City politics may be in for change
If you've been thinking politics or elections these days, your thoughts likely laser in on headline races such as the contest for governor or the challenge Ed Case has mounted within the Democratic Party against Sen. Dan Akaka.
And true, this is where the personalities and drama rests.
But if you live and vote in Honolulu, there's another matter headed to the ballot this fall that could have a bigger impact on your life than any of those political contests.
We're talking here about proposed changes to the Ho-nolulu Charter that will likely be recommended by a group of citizens taking a fresh look at the basic "constitution" of city government.
The 2005-2006 Honolulu Charter Commission has been meeting for months and has winnowed more than a hundred ideas and suggestions down to 42 proposals. They have presented the proposals at a series of community meetings. The last in this round of meetings is at 6 p.m. Tuesday at the Haha'ione Elementary School cafeteria in Hawai'i Kai.
Over the next two months, the commission will further revise and winnow the proposals. The final selections are to be placed on the general election ballot this fall.
Obviously, it is not clear at this point what will make it to the ballot. But the general thrust of commission is clear. If its proposals end up on the ballot and being approved, there'll be a different vibe around City Hall next year.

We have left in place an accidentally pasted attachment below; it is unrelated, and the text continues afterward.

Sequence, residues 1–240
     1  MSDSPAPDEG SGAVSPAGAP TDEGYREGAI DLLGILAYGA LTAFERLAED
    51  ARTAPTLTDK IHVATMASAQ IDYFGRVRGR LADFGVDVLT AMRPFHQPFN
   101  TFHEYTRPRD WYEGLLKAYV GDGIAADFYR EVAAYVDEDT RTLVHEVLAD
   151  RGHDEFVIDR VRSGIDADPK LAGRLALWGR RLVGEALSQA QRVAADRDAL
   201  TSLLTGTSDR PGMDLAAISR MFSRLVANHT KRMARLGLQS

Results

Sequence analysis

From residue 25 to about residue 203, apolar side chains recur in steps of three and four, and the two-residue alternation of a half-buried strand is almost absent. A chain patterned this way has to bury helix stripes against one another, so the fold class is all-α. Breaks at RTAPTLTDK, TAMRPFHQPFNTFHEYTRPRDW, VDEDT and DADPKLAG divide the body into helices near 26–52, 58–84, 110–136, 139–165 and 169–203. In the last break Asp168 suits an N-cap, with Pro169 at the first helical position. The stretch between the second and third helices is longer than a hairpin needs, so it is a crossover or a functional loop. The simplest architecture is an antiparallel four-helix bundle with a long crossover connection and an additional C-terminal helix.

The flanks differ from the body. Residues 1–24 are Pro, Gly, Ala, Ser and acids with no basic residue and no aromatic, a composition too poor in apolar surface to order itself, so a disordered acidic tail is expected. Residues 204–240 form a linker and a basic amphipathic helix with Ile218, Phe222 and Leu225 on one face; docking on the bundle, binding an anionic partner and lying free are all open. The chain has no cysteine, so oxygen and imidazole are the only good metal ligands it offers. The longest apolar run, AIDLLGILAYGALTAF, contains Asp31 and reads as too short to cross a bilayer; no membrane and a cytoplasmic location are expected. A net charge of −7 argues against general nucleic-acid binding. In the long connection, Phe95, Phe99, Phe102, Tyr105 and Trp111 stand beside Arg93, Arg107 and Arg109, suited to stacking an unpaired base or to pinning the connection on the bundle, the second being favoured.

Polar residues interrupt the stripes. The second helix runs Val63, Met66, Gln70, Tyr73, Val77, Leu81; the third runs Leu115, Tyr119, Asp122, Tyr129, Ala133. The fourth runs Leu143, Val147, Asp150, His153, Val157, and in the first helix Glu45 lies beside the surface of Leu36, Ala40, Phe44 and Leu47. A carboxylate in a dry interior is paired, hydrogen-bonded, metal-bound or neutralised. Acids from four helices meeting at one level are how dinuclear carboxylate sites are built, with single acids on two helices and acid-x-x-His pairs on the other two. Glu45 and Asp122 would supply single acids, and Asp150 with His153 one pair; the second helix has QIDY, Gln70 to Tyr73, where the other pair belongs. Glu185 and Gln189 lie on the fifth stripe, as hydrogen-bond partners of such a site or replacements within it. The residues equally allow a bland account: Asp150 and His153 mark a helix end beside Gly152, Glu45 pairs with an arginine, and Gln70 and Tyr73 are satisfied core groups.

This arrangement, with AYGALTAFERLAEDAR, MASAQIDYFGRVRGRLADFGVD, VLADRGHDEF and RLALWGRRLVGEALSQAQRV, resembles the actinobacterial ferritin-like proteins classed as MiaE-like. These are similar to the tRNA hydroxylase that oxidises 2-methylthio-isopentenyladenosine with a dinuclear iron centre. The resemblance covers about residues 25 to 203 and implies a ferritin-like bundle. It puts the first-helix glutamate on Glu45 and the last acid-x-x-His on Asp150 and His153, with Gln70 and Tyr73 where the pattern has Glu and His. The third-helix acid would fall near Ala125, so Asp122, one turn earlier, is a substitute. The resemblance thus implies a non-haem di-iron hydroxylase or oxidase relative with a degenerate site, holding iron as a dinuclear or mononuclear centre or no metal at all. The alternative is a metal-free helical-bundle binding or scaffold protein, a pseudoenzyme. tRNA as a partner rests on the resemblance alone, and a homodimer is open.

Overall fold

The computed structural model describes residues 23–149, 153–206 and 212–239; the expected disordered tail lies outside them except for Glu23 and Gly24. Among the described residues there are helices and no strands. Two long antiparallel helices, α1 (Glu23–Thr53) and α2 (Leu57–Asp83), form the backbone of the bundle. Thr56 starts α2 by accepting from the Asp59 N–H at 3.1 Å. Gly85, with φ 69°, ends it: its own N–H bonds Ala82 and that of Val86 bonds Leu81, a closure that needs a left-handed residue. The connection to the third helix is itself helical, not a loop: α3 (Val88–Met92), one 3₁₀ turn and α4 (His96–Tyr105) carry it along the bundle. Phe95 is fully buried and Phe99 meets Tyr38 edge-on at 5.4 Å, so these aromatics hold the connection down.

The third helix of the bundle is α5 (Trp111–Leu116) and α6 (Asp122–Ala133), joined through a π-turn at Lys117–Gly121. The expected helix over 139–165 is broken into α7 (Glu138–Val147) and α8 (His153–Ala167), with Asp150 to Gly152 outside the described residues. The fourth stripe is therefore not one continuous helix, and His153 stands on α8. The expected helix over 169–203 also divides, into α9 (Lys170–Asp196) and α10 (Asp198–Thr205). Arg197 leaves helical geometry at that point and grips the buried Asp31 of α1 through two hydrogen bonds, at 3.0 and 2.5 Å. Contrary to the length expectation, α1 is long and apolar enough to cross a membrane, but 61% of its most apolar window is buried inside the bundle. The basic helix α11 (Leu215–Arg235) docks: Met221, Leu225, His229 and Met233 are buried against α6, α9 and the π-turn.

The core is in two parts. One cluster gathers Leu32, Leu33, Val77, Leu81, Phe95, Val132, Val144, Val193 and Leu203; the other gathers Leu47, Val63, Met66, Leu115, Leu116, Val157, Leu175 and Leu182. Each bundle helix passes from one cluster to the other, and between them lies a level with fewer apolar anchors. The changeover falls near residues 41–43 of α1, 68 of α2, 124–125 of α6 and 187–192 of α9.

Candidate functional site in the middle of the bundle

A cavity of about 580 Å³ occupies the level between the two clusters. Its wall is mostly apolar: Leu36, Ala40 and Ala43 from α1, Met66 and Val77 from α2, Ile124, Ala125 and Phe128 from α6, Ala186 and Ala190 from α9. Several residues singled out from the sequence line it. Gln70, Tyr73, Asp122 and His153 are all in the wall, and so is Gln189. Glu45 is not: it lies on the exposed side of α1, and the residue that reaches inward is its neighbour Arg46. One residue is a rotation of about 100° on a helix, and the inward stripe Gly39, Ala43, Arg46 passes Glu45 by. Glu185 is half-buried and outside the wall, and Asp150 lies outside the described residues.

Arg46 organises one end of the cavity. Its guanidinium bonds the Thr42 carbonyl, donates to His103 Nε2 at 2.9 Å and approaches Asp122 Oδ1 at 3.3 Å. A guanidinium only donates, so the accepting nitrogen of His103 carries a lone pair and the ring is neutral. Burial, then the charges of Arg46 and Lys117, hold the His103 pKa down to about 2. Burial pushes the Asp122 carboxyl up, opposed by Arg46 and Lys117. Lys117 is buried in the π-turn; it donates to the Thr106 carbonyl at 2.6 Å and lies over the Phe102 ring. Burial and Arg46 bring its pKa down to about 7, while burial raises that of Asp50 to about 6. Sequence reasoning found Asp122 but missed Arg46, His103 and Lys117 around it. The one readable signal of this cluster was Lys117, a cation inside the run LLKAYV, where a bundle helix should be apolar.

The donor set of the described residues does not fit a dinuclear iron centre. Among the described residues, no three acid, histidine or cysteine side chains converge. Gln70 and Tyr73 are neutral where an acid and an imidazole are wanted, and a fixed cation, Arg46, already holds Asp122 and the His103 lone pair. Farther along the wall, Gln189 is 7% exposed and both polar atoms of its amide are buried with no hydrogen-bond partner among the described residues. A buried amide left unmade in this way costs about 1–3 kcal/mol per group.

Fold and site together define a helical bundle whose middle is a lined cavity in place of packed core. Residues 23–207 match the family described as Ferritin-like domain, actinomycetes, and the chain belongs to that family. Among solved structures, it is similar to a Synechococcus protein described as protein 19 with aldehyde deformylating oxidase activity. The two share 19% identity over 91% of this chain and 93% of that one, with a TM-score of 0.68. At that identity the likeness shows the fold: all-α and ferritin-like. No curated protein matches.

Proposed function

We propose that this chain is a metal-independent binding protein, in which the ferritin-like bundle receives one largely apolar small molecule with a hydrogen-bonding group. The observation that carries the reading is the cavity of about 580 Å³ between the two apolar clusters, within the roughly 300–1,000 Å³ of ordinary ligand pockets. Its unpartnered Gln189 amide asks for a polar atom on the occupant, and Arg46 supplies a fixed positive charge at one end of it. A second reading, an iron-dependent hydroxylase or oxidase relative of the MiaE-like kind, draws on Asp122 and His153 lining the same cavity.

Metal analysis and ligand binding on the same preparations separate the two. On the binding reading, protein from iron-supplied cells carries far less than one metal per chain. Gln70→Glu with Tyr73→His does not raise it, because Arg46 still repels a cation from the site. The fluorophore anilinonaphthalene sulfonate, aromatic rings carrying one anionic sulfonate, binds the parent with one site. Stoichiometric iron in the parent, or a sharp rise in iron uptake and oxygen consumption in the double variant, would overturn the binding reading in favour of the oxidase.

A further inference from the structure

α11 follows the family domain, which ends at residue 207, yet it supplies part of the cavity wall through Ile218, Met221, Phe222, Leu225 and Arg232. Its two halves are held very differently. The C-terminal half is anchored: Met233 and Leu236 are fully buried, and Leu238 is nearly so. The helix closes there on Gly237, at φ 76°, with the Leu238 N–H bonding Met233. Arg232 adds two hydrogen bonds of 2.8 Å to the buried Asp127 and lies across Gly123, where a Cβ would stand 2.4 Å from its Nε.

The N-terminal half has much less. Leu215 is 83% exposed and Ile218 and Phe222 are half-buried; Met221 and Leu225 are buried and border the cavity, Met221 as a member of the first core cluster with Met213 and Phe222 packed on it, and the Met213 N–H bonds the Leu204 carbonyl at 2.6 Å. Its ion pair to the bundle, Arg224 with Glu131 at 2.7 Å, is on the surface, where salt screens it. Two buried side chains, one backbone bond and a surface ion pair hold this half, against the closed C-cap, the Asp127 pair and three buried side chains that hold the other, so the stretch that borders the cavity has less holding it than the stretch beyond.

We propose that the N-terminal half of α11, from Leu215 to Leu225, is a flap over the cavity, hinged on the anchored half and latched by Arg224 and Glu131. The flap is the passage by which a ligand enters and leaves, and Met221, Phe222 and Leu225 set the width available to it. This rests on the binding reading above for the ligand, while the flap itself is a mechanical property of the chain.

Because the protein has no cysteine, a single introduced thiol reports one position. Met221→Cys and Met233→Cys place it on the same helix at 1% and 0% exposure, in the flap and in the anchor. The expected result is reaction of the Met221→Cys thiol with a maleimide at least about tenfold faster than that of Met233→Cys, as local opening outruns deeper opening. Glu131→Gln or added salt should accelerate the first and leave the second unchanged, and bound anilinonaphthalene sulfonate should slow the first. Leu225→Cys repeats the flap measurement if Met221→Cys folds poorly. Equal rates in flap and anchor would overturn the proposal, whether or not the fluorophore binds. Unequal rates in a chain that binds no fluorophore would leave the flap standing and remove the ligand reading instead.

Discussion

For instance, rather than the nine council members we have today, we could have either 11 or 13 members, making for smaller council districts and more complicated voting patterns on the council itself.
And the term limits for council members approved in 1992 would be wiped out. That term limit provision resulted in a major turnover of council personalities.
A different proposal would require curbside recycling. In effect, this idea — now on hold — would become a "constitutional" right of the residents of Honolulu.
Some of the more controversial proposals aim at embedding strong land-use controls and environmental ethics in the charter itself.
Among them is a "growth management" plan that would make it politically much tougher to expand urban areas or encroach on existing agricultural land. Another proposal would install an "environmental bill of rights" in the charter, and yet another would set aside a small percentage of property tax collections specifically for environmental protection.
If these proposals and others get onto the ballot and are approved, Honolulu will be a significantly different place. The time to begin thinking about all this is right now.
Jerry Burris is The Advertiser's editorial page editor.
Reach Jerry Burris at email@example.com.